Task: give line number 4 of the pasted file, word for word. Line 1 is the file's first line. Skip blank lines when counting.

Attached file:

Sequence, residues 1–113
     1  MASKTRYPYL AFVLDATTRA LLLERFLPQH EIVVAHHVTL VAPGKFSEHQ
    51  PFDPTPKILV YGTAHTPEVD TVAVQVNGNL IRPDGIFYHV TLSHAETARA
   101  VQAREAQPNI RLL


   101  VQAREAQPNI RLL